(Low) Power Predictions 2015

Low power is about to go mainstream for design teams as the need for building efficiency into designs continues to grow.

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Happy New Year! As we step into the New Year, lots of exciting things are already underway. First of all, the Internet of Things (IoT) is shaping up in a big way as witnessed at CES last week. Advances in devices that can talk to each other and share information are becoming a reality. Automotive applications, medical devices, industry automation, energy distribution and entertainment are all affected by the growth of IoT. Power is an essential design consideration for IoT. Indeed, 2015 is turning out to be an important year for power efficiency and low power methodologies.

Here are some ways that low power IC design will change in 2015:

  1. Power efficiency is no longer an “additional” design consideration. Rather, it needs to be built into the design. Performance has been the focus of designers for a long time. When power became important, designers used it as a secondary design constraint. They added power techniques to their existing designs and lowered power consumption as much as possible. But with power being the driver of chip design, designers no longer have the luxury of adding low power techniques after they have designed their chips. Power efficiency must be built into the design.
  2. Designers wrest the ownership of power efficiency. Companies relied on power experts in the past. As low power techniques became popular, design teams relied on power experts to build low power into their designs. This was not a smooth process. It involved passing the design back and forth until the power budget was met. This process should be reviewed with the advent of so many devices being designed. These designs have very tight market pressures and hence design teams can no longer afford to wait for power experts to design in low power. They have to own building power efficiency into their designs.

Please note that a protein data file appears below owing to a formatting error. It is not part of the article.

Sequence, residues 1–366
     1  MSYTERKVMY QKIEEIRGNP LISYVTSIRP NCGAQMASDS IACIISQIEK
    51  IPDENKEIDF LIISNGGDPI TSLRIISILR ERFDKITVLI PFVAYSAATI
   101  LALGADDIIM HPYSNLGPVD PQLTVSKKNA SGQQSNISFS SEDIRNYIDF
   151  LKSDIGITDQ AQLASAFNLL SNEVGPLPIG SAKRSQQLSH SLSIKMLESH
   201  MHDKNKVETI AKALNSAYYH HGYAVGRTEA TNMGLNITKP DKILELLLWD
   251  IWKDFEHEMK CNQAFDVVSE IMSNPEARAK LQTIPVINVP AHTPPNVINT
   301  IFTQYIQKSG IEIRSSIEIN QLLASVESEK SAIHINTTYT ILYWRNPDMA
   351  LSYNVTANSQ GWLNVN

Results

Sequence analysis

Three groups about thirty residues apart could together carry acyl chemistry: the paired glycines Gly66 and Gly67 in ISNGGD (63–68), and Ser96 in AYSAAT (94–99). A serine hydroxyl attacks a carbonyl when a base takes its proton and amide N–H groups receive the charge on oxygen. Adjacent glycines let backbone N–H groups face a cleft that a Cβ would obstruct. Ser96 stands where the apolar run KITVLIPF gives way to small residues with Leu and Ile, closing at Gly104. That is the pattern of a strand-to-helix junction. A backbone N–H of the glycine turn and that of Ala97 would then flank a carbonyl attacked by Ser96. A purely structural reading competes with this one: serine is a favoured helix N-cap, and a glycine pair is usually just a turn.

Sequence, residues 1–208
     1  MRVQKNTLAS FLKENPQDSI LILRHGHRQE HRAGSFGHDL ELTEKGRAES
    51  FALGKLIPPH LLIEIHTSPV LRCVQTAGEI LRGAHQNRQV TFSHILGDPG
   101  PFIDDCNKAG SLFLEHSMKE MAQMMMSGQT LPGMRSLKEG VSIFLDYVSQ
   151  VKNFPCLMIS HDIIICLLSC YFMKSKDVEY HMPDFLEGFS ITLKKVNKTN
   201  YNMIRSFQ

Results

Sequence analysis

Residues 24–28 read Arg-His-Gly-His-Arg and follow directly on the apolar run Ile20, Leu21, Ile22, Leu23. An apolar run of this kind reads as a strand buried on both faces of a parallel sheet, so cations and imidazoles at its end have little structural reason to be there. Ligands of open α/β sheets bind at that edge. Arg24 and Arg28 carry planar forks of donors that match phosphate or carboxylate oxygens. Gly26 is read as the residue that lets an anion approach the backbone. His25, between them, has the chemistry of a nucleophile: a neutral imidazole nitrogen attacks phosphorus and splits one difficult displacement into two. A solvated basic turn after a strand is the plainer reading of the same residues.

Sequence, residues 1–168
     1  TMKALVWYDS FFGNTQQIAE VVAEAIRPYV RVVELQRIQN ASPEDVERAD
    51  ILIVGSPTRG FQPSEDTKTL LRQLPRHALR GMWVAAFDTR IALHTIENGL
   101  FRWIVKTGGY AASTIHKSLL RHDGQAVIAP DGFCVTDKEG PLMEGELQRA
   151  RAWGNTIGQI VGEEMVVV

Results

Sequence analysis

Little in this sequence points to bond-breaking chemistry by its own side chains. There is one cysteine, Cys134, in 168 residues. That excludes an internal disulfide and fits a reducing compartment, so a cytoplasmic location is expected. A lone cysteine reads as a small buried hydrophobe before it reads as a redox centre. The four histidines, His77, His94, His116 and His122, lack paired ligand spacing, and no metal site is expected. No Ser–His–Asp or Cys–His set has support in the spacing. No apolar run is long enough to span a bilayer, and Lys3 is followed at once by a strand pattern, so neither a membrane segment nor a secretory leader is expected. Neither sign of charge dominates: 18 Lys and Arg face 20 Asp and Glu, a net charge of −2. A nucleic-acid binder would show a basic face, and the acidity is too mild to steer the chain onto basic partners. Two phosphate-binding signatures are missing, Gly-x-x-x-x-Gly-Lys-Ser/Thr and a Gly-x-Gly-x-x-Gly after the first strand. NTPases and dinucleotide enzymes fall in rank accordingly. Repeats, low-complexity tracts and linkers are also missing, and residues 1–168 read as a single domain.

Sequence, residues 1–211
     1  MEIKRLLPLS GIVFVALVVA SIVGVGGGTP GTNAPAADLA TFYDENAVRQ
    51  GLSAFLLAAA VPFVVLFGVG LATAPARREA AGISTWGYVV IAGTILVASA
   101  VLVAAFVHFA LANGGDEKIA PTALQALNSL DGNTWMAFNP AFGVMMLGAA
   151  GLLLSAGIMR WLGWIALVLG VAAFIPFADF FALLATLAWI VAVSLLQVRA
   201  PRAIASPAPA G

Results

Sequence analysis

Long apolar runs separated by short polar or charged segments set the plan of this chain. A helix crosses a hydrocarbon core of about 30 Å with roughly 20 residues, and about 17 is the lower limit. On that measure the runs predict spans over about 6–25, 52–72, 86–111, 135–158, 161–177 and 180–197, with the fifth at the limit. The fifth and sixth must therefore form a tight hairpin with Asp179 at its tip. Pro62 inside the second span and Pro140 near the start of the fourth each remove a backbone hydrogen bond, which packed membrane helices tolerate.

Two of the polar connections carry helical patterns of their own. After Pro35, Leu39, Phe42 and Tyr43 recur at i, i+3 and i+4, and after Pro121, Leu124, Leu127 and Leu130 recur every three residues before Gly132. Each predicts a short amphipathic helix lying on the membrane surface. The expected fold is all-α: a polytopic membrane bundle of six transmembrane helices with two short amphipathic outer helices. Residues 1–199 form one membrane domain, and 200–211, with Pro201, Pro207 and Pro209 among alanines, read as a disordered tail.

3. The number of 14nm and 16nm finFET designs is increasing. Several articles have pointed out that the cost per transistor increases or stays the same in FinFET technologies. Despite this fact, many more designs are moving to these technologies in 2015. This is simply because the stakes are much higher in the new markets, so the choice to move is a question of survival. Designers will use other methods such as finding efficient architectures to mitigate the cost increase.
  4. Low power everything design flows. Designs moving to finFET technologies have to tackle dynamic power increases in addition to the leakage issues that were dealt with in other process technologies. As a result, designers are experimenting with every low power technique available to choose the most suitable techniques.
  5. Low power tools and methodologies become intuitive to the designers. Techniques like power gating or dynamic voltage and frequency scaling (DVFS) have always intimidated RTL designers with the variety of tools and methodologies they need to use. If more and more RTL designers are building low power into their designs, the methodologies will need to be made simpler for them to adopt. The need for intuitive power exploration, power analysis, and power optimization tools is immediate.

Conclusion
We have made some bold predictions for 2015 based on the changes we see in the marketplace, and at the end of the year we’ll reevaluate our predictions to see how many have really come true. Look for more technical discussions on power analysis in February.



  • Nandini Jayakumar

    RTL is going to have a replacement of its own very soon. Work is done in many process technologies as of now, let’s see, which one goes far enough.